Rare meteorite worth $2 million crashes through man’s roof

He experienced a meteoric increase in prosperity.

An Indonesian became astronomically rich after a precious meteorite worth nearly $ 2 million struck through the porch of his home.

“When I lifted it, the stone was still warm and I brought it into the house,” Josua Hutagalung told the local Kompas news agency about the accidental find. The 33-year-old coffin maker was reportedly working next to his home in Sumatra in August when the expensive space rock splinter tumbled through the overhang of his home.

“The noise was so loud that parts of the house were shaking,” said the rock star. “And after looking, I saw that the tin roof of the house was broken.” A clip on his Facebook page shows where the 4.5-pound meteor struck through the awning before burying itself a few inches in the dirt.

Hutagalung said he strongly suspected the object was a meteor “because there is no way anyone could have purposely thrown it or dropped it from above”.

The wealth-making fragment, estimated to be 4.5 billion years old, has likely brought in more than enough to put a new roof over his head, the Daily Mail reported. Classified as CM1 / 2 carbonaceous chondrite – an extremely rare variety – the space rock is valued at around $ 850 per gram, or a total of $ 1,858,556.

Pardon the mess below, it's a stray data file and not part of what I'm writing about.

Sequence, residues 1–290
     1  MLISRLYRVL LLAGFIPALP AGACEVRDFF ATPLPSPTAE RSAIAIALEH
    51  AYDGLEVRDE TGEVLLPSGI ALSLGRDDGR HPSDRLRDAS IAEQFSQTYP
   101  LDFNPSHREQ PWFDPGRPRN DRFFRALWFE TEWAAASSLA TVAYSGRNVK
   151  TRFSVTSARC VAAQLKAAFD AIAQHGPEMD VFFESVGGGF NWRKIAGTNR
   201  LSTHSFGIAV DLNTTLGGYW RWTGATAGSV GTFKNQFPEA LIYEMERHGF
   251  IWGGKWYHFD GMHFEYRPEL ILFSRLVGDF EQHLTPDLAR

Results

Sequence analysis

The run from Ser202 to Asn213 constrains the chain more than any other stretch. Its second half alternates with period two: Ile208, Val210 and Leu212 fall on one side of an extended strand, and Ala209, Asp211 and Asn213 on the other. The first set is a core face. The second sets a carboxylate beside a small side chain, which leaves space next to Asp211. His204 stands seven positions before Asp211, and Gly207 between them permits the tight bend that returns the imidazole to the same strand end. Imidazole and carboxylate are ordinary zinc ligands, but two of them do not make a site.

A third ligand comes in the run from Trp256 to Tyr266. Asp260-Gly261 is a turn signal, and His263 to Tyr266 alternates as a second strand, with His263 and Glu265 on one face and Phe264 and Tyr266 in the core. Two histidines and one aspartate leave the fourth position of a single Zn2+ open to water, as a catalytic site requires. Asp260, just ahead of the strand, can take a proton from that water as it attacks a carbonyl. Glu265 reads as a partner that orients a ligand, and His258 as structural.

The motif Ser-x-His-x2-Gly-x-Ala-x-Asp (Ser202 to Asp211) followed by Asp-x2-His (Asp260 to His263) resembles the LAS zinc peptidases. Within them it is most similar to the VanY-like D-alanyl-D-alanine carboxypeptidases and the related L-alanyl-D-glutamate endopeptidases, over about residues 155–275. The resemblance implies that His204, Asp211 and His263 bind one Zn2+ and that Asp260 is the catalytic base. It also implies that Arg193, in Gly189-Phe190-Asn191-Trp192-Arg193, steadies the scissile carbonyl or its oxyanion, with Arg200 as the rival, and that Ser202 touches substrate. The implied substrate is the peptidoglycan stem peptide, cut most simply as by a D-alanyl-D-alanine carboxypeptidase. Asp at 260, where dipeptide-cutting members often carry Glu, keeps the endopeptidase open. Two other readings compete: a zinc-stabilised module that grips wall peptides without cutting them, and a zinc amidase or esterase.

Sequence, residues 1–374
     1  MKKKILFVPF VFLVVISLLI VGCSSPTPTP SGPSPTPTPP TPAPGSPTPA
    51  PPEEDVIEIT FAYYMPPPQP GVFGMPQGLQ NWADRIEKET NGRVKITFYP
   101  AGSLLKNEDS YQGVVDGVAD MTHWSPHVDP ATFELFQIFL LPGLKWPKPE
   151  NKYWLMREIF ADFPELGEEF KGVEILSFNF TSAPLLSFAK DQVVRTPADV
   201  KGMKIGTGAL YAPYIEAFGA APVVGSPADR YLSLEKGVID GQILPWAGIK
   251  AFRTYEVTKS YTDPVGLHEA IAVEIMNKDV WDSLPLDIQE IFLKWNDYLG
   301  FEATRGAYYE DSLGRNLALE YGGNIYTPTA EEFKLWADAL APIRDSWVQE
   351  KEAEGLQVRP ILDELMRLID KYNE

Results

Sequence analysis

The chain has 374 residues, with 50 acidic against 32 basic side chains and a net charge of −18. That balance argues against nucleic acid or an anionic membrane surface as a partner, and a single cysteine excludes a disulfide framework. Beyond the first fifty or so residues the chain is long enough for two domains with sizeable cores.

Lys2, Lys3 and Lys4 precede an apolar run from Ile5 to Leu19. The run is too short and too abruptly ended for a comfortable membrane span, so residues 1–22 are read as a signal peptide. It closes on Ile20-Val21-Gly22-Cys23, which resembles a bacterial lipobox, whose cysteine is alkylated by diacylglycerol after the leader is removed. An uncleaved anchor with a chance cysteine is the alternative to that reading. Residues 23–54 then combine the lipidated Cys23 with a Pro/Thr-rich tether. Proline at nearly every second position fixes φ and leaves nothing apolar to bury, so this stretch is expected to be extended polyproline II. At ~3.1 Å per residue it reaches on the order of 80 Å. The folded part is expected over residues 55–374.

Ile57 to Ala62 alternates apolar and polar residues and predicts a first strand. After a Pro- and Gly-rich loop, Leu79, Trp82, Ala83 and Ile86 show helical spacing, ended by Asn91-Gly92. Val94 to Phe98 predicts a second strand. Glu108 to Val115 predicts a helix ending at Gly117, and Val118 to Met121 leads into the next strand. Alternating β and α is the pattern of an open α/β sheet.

Hutagalung was reportedly being paid the equivalent of 30 years for a find he would use to build a church in his community.

“I always wanted a daughter too, and I hope this is a sign that I am now fortunate to have one,” he told the Sun.

The life-changing event made Hutagalung a local celebrity, with dozens flocking to his home to see his interstellar lottery ticket. “Many people came out of curiosity and wanted to see the stone,” he said.

The meteor also sent shock waves through the scientific community.

“My phone lit up with crazy offers to hop on a plane and buy the meteorite,” described Jared Collins, an American meteor expert who bought part of the rock. “It was in the middle of the COVID crisis and frankly it was a mistake between buying the rock for me or working with scientists and collectors in the US.”

He continued, “I carried as much money as I could raise and went to Joshua, who turned out to be a clever negotiator.”

The meteorite has since been purchased by Jay Piatek, a doctor and meteorite collector from Indianapolis.

Three more pieces of the meteorite, officially named Kolang, were discovered nearby, with one landing on a rice field less than five miles from Hutagalung’s home. The Lunar and Planetary Institute in Houston, Texas estimated that the space rock weighed about 5.5 pounds before it broke apart, according to the Daily Mail.

Thomas Djamaluddin, director of the National Aerospace Institute in Indonesia, said it was extremely rare for meteors to hit populated areas.

“The amount of rock debris from the formation of the solar system is very large in space,” he said. “Most meteorites fall in places that are far from settlements, such as oceans, forests or deserts.”

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